‘No, I suppose not, but we’re not fair—’
‘Oh, do be quiet, Tristram,’ she said, pulling his head towards hers.
A stout woman stood a few yards away from Pike. With her back towards him, she turned the key in the lock of the post-office door. The closed sign was clearly visible through the glass — his watch was slow. Damn it. He hurried across the damp footpath, clearing his throat as he approached so as not to startle her.
‘Good evening, Madam.’ He tipped his hat. ‘I have an urgent telegram to send. Would you be so kind as to open up for me?’
‘It’s Miss,’ the woman snapped. ‘And no, I won’t. We’ve been closed for over five minutes now and I never make exceptions.’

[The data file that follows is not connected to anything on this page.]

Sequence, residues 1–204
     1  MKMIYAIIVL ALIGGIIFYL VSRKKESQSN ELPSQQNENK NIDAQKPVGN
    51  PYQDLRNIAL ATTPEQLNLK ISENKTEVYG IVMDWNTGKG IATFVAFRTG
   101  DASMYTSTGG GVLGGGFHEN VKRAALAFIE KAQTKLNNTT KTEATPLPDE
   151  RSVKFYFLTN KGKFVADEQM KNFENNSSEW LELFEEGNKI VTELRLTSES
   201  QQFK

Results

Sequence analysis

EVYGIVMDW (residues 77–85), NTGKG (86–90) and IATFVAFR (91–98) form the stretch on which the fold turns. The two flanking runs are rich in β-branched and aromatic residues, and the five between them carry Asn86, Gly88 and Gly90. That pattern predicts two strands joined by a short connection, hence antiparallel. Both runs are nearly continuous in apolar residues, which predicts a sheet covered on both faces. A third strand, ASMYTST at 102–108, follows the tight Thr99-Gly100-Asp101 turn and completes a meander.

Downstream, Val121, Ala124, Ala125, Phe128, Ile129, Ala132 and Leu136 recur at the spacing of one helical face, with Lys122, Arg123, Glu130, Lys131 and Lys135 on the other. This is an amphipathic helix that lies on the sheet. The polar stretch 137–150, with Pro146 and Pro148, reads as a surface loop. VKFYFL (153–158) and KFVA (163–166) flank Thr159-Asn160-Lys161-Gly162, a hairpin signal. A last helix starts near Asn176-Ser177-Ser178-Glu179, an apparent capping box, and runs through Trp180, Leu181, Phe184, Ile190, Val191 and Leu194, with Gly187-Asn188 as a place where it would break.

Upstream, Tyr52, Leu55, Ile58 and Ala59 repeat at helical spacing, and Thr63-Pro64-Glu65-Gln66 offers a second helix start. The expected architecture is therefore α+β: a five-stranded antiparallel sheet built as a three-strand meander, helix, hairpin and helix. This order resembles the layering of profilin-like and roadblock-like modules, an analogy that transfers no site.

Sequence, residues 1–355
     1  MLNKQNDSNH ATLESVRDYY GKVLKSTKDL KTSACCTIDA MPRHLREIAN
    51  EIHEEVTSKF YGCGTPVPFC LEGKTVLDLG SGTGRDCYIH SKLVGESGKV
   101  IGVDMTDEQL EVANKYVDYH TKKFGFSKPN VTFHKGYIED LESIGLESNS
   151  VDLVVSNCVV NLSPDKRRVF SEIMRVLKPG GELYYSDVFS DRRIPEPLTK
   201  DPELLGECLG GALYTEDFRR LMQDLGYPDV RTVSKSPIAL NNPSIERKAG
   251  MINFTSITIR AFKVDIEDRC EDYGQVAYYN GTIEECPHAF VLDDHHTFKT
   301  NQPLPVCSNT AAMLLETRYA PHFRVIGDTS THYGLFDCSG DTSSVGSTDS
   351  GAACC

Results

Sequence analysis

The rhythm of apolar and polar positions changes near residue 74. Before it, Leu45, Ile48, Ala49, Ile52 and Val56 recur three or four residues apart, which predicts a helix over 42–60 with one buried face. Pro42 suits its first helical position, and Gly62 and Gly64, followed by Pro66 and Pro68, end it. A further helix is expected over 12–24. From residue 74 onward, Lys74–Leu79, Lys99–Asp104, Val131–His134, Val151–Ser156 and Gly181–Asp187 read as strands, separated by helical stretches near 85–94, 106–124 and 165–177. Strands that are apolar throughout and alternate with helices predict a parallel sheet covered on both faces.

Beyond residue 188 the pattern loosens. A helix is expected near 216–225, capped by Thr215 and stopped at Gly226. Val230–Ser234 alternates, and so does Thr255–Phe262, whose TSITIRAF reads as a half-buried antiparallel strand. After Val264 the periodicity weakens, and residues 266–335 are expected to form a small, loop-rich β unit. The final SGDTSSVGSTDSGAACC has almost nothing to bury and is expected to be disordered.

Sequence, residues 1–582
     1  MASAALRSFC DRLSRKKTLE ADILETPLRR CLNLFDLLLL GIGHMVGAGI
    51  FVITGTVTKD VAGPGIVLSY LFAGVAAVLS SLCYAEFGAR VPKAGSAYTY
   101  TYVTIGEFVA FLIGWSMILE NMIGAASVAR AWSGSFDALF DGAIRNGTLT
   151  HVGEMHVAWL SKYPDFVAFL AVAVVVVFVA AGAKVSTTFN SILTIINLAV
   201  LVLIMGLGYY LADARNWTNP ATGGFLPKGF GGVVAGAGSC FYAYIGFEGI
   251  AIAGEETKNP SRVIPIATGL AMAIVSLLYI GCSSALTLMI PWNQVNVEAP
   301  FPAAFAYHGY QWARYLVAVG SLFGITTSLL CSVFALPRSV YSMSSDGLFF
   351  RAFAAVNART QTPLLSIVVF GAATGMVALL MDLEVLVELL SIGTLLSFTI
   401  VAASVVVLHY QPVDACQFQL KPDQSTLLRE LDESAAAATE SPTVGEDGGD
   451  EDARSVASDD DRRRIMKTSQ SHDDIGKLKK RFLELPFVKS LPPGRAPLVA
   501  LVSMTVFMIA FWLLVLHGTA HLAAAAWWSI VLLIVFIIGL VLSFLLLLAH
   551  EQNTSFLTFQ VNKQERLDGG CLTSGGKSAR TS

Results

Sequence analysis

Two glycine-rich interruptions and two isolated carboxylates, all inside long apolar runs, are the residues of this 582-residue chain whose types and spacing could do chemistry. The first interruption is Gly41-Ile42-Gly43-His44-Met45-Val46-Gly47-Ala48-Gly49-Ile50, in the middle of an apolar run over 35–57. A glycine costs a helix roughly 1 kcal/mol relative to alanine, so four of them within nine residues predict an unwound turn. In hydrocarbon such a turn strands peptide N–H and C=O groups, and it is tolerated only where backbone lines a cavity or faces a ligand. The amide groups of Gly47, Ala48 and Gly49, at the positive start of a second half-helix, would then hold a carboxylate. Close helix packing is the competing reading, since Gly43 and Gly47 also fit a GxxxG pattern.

Pike’s fingers lingered on the warrant card in his coat pocket. He could force her with the weight of the law, tell her it was a police emergency — which it wasn’t — and then she would have no choice but to co-operate, but that was not how he did things.
The woman’s umbrella whooshed open, one of the spokes just missing his eye, and she gave him a haven’t-you-got-a-home-to-go-to look.
No, actually, not at the moment, he thought, as he watched the postmistress stride off, feet slapping the footpath. He pulled out his fob and gave it a wind. It was only six o’clock — five past, he corrected himself — and unless there was a development in the case, he had a long wait ahead of him. In the unlikely event that the fugitive’s whereabouts
discovered that evening, he’d instructed Sergeant Gibbs to send for him at the Seven Seagulls.